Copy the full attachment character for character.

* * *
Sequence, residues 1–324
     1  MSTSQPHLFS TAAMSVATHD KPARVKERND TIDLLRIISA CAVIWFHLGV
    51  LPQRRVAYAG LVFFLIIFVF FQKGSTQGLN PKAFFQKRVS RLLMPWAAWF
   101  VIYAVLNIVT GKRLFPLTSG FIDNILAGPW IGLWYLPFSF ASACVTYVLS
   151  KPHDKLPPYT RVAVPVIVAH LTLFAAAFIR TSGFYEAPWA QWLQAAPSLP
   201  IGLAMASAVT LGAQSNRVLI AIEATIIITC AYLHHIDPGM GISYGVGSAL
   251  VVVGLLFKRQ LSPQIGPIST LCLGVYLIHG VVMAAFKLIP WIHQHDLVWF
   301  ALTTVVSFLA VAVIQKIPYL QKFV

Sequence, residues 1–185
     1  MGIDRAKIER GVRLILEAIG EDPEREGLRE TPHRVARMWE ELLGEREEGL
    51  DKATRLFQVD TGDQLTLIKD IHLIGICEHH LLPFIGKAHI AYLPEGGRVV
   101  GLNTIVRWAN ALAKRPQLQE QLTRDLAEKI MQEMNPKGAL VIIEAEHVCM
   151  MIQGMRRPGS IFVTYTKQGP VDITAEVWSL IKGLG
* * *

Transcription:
Sequence, residues 1–324
     1  MSTSQPHLFS TAAMSVATHD KPARVKERND TIDLLRIISA CAVIWFHLGV
    51  LPQRRVAYAG LVFFLIIFVF FQKGSTQGLN PKAFFQKRVS RLLMPWAAWF
   101  VIYAVLNIVT GKRLFPLTSG FIDNILAGPW IGLWYLPFSF ASACVTYVLS
   151  KPHDKLPPYT RVAVPVIVAH LTLFAAAFIR TSGFYEAPWA QWLQAAPSLP
   201  IGLAMASAVT LGAQSNRVLI AIEATIIITC AYLHHIDPGM GISYGVGSAL
   251  VVVGLLFKRQ LSPQIGPIST LCLGVYLIHG VVMAAFKLIP WIHQHDLVWF
   301  ALTTVVSFLA VAVIQKIPYL QKFV

Sequence, residues 1–185
     1  MGIDRAKIER GVRLILEAIG EDPEREGLRE TPHRVARMWE ELLGEREEGL
    51  DKATRLFQVD TGDQLTLIKD IHLIGICEHH LLPFIGKAHI AYLPEGGRVV
   101  GLNTIVRWAN ALAKRPQLQE QLTRDLAEKI MQEMNPKGAL VIIEAEHVCM
   151  MIQGMRRPGS IFVTYTKQGP VDITAEVWSL IKGLG